- The Observer of Fringe has done this once or twice, in addition to more mundane vanishing.
- In Season 9 of Smallville, Major Zod realizes that Tess has played him. He looks across the street, and sees Tess raising her coffee cup in a sarcastic salute to him. A truck passes and in that split second, Tess is somehow gone. Unless she somehow jumped onto the side of the truck and rode away with it, one wonders exactly how Tess did this, considering the fact that she has no superpowers.
- Artist Ryan Estrada just recently made a blog post indicating he made a mad dash into a shop, so that it would appear he did this to the people who were watching him watching them.
- In The Last Remnant, a guy who's so badass that he is only known as "The Conqueror" managed to pull this off with a passing SOLDIER.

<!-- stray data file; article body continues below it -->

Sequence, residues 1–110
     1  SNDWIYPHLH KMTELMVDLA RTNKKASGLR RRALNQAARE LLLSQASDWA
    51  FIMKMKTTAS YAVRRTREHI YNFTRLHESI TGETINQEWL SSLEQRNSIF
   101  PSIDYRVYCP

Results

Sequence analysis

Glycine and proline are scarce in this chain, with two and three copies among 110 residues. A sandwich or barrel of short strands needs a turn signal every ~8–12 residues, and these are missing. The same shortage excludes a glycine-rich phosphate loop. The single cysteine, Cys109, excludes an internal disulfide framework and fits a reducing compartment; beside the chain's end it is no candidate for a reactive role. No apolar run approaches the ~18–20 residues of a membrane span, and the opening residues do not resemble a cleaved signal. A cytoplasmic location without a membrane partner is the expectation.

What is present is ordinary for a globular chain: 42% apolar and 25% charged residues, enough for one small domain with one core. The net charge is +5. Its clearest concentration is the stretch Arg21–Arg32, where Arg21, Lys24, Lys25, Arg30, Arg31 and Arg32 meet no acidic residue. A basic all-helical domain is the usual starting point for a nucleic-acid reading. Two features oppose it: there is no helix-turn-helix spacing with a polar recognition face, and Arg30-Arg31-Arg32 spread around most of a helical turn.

- Similar to the above, Thane the Drell assassin from Mass Effect 2 manages to this when two bystanders cross between him and the camera. One of them even looks back, as if wondering where he went.
- Subverted in an episode of American Dad, when Stan and Roger try to transport Jeff to Florida to claim a bounty on his head. Stan and Jeff are on opposite sides of a train track, and Stan yells to Roger to "chase after him! He's getting away." The train passes between them, and Jeff is still standing next to Stan's car.
- Likewise subverted in Family Guy: missing their flight, Brian and Stewie have to improvise a cross-country trip back to Quahog. They find the cops investigating a car they stole, a semi passes by, and they're gone... until the camera pans over and shows them standing just a few feet to one side. "Maybe we should've jumped on that truck..."